mother consigned you to me, to train and enrich your own mind. You know, too, that

my

relish for real poetry is as keen as most people's : that Dear Mary :-You should have consulted me, bethere is none of the great masters of English fore you put on corsets: I would have dissuaded you song, whom I have not read with a discriminating from it. However, your mentioning it the instant delight—from Spenser and Shakspeare, down to you supposed that I might not approve it, atones fa Byron and Campbell; nay, that our own Bryant, the omission-unless indeed, your frame has already Halleck, and Willis have not been without their suffered most serious injury; as I fear it has. charms for me. So that you cannot accuse me of That extreme weakness when you sit or standwaging a Gothic war against the Muses. In truth, that sinking of the spirits—that aversion to walka reverent adoration of them, is part of my motive ing, or riding on horseback—! My dear child, I pray for keeping away every unhallowed lip from their Heaven you may not have stored op for yourself fountain-every unauthorized foot from their sa- an amount of unhappiness that you little suspect! cred hill. With what indignation must they not behold, intruding upon their domain, ninety-nine hun- riously wrought fabric in which the lungs play and dredths of the bardlings, male and female, who the heart beats, is enough to show (I say not ube crowd the columns of every monthly and weekly dangerous or hurtful, but) the fatal effects of tighs periodical with their namby-pamby outpourings ! lacing; whether with, or without corsets. Fotel,

But my chief aim is, to prevail upon one, at least, to activity, to energy, to good spirits, to healto, of that misguided class, (for I see, you are tending and ultimately to life. that way), to make a better use of her talents. You may see a picture of that fabric—the bones Recollect how large a store of homely, but price of the human trunk-in any cyclopedia, or book of less accomplishments, may be attained with half anatomy; or in Combe's adınirable Physiology.* the time and pains necessary to make even the See the spine, or back-bone; composed of twentypoor figure of a middling poetess! How to cut out four joints called vertebre, all piled one upon anand make garments of every kind—to direct, and ther, and perforated from end to end by the spinal even to prepare, wholesome food—to nurse the marrow- —which is only an elongation, or off-short, sick-to manage a household—to ride a trotting of the brain. From the upper half of the spind, horse if necessary—to walk fast and far-to dance proceed twelve ribs on each side, curving forwards like a fay, and sing not in the Squallini style—all and outward, till they approach within one, or two these healthful and pleasing arts you may learn or three inches, of the sternum, or breast-bone during the mere pauses from those real studies, when their bony substance ends, and they become which every woman must rely upon, who hopes to mere gristles, seven of which are socketed a give any salutary or permanent impress of her hinged into the breast-bone, as the ribs are insta Mind to her age, or her circle. If you are bent on the spine. The breast-bone is long and flatwriting, cultivate a good prose style. Any one who inch or more broad-extending lengthwise abat at your age writes as well as you do, may with six or eight inches, from the throat to the pir el care attain as good a style as Addison's. Hav- the stomach : and is held firm in its place chiedy ing that dress for your thoughts, you will have only by the rib-gristles abovementioned, and by the cakto acquire enough of them, well enough arranged, lar bones, which come across from the shoulders to benefit mankind somewhat as the illustrious wo- and are fitted into its upper end. All these boon men before mentioned have done. Compared with and gristles are very soft in childhood; but haria the wreath that adorns either the English or the as we grow up, and are strongest at the age of American Edgeworth, how faded and poor is the thirty or forty. They, all together, form a spac203 renown of Mrs. Hemans or Miss Landon-the arched chamber or cavity, in which the heari, lazen most eminent, I suppose, of English poetesses! I and innumerable arteries, veins, valves, and inas would rather have written Edgeworth's' Frank,' or cles, perform their important offices : contracang Sedgewick's Poor Rich Man and Rich Poor dilating; inhaling fresh air with one set of ceux Man,' than all the “sweet new poems” that ever using part of it to purify the venous blood, as! proceeded from the fruitful pens of Hemans and then exhaling the rest through another set; recei** Landon : because, in either one of those two ing from the veins blood which has gone is works, I should feel myself to be a greater bene- round,-cleansing it with wonderful art in a few factor to mankind.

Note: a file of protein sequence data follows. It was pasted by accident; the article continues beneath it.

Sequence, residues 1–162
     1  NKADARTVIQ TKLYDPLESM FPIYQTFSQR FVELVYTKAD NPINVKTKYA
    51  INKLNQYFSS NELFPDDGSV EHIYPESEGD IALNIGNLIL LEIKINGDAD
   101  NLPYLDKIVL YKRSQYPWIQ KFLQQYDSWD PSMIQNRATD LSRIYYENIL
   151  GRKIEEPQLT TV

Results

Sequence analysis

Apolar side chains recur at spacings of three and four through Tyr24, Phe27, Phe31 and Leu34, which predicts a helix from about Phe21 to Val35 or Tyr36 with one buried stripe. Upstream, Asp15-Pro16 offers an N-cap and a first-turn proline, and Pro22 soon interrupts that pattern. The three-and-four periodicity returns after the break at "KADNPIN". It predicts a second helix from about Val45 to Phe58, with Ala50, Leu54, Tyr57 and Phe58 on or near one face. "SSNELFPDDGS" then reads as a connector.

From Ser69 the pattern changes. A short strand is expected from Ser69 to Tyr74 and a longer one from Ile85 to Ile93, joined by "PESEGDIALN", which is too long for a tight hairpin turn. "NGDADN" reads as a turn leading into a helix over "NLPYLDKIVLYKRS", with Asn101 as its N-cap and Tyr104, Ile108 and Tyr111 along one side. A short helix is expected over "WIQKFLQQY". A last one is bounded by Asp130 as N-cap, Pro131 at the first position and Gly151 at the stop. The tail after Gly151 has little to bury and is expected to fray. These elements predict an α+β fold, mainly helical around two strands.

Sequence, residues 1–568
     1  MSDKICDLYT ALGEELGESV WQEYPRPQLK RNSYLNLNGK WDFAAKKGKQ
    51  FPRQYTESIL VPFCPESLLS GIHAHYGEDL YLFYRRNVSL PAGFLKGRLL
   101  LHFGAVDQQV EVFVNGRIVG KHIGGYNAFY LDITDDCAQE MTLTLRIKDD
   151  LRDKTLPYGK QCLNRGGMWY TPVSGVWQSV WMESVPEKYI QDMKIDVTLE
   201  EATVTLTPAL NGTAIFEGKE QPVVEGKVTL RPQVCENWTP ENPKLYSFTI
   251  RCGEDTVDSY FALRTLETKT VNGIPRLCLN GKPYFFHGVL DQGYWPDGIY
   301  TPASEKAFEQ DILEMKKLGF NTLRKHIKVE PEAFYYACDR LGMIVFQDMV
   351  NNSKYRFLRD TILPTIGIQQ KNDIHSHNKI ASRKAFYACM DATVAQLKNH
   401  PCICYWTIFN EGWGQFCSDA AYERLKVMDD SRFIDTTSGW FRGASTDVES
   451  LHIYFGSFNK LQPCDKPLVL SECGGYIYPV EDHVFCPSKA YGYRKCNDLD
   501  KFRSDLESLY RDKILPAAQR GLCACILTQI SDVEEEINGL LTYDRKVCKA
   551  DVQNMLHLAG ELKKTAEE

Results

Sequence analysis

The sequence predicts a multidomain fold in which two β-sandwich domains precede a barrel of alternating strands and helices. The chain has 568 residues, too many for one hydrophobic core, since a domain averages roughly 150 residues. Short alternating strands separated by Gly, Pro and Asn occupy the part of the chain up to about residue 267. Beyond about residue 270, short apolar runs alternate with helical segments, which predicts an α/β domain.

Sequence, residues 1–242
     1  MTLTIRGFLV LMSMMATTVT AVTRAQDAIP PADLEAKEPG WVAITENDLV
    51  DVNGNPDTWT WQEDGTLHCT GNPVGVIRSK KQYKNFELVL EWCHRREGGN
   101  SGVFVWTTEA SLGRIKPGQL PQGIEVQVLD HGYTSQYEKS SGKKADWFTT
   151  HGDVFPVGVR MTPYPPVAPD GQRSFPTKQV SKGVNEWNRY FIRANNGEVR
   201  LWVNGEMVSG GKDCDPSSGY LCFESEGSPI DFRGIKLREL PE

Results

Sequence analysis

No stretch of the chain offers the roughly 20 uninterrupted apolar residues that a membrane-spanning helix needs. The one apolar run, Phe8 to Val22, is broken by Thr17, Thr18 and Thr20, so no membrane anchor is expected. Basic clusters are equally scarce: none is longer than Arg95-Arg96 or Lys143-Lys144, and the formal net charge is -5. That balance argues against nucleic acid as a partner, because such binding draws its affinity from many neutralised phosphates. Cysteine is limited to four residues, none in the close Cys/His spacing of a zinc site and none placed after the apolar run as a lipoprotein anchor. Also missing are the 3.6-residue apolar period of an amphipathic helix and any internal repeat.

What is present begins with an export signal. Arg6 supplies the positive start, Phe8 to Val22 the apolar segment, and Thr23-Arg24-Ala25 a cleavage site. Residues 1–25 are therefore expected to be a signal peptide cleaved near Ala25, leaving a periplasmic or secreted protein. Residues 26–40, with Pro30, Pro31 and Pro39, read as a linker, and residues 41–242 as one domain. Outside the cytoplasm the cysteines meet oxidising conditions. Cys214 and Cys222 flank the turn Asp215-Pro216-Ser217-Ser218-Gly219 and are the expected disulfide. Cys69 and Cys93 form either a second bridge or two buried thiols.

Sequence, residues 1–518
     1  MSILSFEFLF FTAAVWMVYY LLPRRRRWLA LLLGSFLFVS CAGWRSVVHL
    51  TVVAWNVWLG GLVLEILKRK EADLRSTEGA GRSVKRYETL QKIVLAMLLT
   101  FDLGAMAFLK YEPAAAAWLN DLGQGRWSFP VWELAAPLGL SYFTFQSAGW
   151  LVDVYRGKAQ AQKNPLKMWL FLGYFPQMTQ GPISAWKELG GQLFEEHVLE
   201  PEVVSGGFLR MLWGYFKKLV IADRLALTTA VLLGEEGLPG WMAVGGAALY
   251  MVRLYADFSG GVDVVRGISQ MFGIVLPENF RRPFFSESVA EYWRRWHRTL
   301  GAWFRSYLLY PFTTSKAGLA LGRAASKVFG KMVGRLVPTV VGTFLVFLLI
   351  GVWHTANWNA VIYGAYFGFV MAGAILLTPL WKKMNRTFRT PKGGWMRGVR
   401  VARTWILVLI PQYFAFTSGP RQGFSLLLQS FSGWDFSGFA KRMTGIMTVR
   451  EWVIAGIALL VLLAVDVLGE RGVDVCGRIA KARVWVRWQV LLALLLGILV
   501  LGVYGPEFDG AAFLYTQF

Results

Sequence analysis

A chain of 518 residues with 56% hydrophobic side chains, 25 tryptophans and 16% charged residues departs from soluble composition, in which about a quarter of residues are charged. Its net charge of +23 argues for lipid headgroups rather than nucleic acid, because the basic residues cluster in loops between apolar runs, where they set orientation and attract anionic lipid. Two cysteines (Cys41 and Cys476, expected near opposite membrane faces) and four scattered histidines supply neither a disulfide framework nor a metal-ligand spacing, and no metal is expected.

moments, and sending it on again by the artene The power of promptly writing good sense, in to meander through, and renovate continually every neat, forcible, and attractive prose, is likely to be part of the frame. At every breath the lungs diuseful in a thousand emergencies. How seldom, late and contract—at every breath the heart te if ever, is the talent for magazine poetry of the ceives a tide of blood into one of its divisions, and slightest utility !—It is, in truth, a sheer dissipa- pours out an equal tide from another ; propelling & tion; and a most hurtful one. Avoid it, I beseech with a force equal to forty or fifty pounds weiga Your affectionate uncle, G. T.

ܪ

* Combe on Health-in Harper's Family Library.

you.